Can TimeGate Studios possibly succeed with the downloadable sequel to a retail first-person shooter that nobody played in the first place? Find out in the Section 8: Prejudice Frankenreview.
Released late 2009 for the Xbox 360 and PC (a downloadable PlayStation 3 version came later), Section 8 was a first-person shooter with a strong focus on online multiplayer. The game had some big ideas and a nifty spawning mechanic that saw players dropping out of the sky onto the battlefield, but in order to appreciate such a spawning mechanic you actually need players to spawn, and Section 8 didn't gather many.
Can Prejudice's beefed-up single-player, a lower price, and the downloadable format make a difference? Let's ask the assembled video game critics for their answer.
Section 8: Prejudice is an underdog story – a small developer (in this case, Timegate Studios) trying to fulfil the promise of its original idea while making the transition from retail to full-fledged downloadable title. It has a cool hook in its "soldiers fired from a space cannon" premise. It brings a retail title's worth of modes and content to a downloadable title. The pieces are all there. But Section 8: Prejudice can't seem to fit them together into something more than sort-of interesting.
There is a story that revolves around the inherent prejudice space marines have to deal with, but its underdeveloped characters make it difficult to care about the high-stakes events. It's the gameplay in Prejudice that's worth caring about. On the surface, Prejudice looks like a cheap Halo knockoff. The bulky armour your fellow soldiers wear gives off a serious Master Chief vibe, and the rock-formation paths that make up most of the single- and multiplayer levels look like they could have been created in a Forge editor. But once that aesthetic familiarity wears off, you're treated to a shooter that has its own identity.
Anyone who's played a FPS will feel right at home with the game. The basic controls are pretty standard, though there are a few twists worth noting. First, there's the jetpack, which allows you to leap tall buildings in a single bound and glide for a few seconds. It's a bit reminiscent of Tribes, but that's only meant as a compliment. On top of the jetpack, you also have access to a couple of other useful features. First, there's an auto-lock system that can even be used in the game's multiplayer modes. This is especially useful when using a sniper rifle to track an enemy at a distance. Second, there's an "overdrive" mode that kicks in after you have been sprinting for more than a few seconds; basically, the sprint turns into a hypersonic long-distance run that is useful for zipping around the game's large maps.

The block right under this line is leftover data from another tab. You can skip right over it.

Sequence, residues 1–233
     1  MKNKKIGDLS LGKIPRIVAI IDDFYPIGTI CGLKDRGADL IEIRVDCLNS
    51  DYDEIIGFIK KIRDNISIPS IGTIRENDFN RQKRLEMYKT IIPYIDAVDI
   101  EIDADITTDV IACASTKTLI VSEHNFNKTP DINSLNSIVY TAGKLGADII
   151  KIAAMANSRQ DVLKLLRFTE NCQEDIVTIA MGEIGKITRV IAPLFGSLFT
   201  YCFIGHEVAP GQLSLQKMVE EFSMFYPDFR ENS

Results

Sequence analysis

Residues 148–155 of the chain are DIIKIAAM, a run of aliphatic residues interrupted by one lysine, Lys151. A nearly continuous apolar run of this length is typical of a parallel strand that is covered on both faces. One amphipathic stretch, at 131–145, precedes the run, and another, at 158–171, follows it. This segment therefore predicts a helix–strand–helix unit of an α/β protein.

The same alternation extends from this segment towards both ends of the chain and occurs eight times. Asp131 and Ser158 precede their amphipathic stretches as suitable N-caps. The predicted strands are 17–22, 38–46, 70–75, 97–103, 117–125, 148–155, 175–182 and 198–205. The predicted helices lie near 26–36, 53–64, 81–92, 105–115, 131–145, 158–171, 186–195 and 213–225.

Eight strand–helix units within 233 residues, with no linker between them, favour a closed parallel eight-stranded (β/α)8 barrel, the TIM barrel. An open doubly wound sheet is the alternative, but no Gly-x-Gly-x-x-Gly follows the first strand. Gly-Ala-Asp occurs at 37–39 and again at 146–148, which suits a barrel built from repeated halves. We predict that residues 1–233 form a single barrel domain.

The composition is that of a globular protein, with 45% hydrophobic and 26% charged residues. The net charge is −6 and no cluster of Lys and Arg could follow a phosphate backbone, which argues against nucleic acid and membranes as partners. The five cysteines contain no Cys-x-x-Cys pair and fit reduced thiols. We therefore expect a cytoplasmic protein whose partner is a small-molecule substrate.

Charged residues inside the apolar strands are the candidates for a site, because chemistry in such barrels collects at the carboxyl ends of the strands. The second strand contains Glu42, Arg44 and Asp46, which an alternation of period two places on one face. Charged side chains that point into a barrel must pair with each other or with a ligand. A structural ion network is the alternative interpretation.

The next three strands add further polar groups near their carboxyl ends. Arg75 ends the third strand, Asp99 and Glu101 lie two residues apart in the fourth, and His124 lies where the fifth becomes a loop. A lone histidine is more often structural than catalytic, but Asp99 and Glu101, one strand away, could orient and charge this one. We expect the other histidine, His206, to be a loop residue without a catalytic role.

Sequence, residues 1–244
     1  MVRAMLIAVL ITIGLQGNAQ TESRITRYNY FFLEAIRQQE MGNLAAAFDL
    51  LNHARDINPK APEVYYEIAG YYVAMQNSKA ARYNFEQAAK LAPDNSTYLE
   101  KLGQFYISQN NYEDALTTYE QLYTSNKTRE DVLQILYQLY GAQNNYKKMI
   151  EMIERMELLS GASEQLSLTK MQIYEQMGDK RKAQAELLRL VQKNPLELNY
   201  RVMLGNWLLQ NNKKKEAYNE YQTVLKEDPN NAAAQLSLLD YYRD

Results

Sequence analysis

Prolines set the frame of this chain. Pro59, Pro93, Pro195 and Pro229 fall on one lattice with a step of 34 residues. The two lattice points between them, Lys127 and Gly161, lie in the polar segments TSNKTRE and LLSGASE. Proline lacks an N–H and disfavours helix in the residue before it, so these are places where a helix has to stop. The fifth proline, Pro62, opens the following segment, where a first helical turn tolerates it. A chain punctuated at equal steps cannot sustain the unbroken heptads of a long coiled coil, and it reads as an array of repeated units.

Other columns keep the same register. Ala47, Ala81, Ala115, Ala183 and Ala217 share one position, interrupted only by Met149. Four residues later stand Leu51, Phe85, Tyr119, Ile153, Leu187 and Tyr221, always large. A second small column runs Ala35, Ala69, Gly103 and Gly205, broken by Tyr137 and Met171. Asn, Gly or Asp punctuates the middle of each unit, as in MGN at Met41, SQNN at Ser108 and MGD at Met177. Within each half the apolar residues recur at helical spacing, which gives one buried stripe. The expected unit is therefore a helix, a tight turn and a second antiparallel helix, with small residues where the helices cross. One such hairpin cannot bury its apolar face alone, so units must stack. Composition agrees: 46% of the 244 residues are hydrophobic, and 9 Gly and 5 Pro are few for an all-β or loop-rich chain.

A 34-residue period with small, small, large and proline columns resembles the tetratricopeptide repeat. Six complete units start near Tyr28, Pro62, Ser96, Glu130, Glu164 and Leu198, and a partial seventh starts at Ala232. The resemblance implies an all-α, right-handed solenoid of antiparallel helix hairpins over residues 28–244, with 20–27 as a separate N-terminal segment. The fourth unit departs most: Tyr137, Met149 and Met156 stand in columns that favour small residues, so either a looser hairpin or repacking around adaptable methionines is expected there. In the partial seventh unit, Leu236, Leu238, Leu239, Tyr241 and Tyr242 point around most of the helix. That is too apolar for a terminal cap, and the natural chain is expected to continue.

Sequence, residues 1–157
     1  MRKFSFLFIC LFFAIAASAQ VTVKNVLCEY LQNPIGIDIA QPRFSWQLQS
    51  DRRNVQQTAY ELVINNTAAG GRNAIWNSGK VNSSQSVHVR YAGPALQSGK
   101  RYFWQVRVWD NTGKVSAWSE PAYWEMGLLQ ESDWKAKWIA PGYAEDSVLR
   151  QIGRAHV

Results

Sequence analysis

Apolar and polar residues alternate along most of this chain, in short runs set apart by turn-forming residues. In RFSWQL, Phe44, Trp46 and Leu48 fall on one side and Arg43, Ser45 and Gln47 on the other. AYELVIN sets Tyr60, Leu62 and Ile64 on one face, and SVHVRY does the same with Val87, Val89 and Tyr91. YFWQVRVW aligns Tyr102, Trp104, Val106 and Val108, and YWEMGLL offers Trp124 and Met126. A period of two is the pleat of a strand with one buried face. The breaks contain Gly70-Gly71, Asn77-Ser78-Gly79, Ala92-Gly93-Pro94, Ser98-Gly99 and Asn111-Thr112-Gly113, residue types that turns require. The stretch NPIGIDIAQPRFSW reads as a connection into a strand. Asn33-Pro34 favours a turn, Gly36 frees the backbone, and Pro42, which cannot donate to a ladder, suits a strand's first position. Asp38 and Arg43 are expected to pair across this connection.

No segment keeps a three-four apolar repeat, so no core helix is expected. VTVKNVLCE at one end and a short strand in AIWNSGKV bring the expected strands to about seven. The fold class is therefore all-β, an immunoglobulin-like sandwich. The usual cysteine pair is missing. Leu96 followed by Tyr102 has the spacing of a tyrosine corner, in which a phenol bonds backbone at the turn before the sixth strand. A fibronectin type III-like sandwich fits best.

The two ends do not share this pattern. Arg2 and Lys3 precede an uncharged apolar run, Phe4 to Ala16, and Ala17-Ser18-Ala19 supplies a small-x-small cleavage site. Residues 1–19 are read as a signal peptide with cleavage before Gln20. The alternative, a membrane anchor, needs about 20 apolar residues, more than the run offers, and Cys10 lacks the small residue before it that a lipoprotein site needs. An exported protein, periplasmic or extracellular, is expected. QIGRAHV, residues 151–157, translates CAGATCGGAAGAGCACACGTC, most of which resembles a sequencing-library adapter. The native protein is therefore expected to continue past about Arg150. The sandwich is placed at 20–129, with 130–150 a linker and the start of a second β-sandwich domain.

Prejudice plays like the arcade-style love child of Red Faction and Halo. Besides a cheesy off-world storyline similar to Red Faction (you must overthrow an oppressive military power), Prejudice offers a beefy online component that gives gamers plenty of choices. "Swarm", akin to Halo's Firefight, is a four-player co-op mode where gamers work together against enemy AI. "Conquest" is Prejudice's online versus mode. What makes both of these multiplayer features work so well is the game's Dynamic Combat Missions. Players will have the standard deathmatch and capture-the-flag missions in those, but during every round there are a number of side missions - recovering wreckage, escorting a VIP, etc. - that gamers can complete to earn rewards. This keeps multiplayer fresh, since no two games play the same way.
It's a frankly staggering suite of options for a downloadable game, yet Section 8: Prejudice never loses sight of its balance. Even when you're getting creamed, it's always because the other team is using all of the battlefield to its advantage, choosing its drop zones carefully, spending its points more wisely, adapting its weaponry more shrewdly and making full use of the DCMs to keep the points rolling in. That's a lot to keep track of, but it's to developer TimeGate's credit that so much of it feels intuitive and logical.
There really is a staggering amount of content and options in S8:P, and I wont lie – at first it's intimidating. Thankfully though – with a budget price, so much content your brain may explode, and so much balance that even a tightrope walker would be amazed; TimeGate Studios has struck digital gold and I commend them for sculpting Section 8: Prejudice into a fine experience. It's a solid and unique model that a copycat shooter market should stand up take notice of. TimeGate president Adel Chaveleh famously said that "Content is king." Apparently that mofo wasn't lyin'.
Thank goodness for playable demos, right? Section 8: Prejudice is now available on Xbox Live Arcade. PC version drops May 4, PlayStation 3 this (northern) summer.